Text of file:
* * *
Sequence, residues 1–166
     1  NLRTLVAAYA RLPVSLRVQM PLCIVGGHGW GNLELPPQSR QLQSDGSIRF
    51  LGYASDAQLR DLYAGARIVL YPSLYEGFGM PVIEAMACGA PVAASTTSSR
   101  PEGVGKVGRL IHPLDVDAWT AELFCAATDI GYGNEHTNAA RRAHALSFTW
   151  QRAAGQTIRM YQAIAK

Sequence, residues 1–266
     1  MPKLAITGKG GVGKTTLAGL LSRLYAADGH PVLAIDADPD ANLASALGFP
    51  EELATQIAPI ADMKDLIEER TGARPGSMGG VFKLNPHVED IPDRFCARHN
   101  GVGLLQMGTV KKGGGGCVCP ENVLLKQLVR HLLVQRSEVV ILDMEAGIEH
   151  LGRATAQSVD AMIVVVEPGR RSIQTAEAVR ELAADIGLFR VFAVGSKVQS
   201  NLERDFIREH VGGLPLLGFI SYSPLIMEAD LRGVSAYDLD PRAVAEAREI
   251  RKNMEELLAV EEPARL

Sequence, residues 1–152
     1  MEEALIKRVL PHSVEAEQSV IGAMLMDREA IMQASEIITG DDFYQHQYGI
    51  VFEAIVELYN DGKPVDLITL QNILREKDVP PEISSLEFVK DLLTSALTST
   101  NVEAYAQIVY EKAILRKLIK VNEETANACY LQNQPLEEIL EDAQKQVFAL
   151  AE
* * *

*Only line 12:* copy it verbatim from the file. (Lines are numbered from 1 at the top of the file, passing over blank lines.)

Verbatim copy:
   251  RKNMEELLAV EEPARL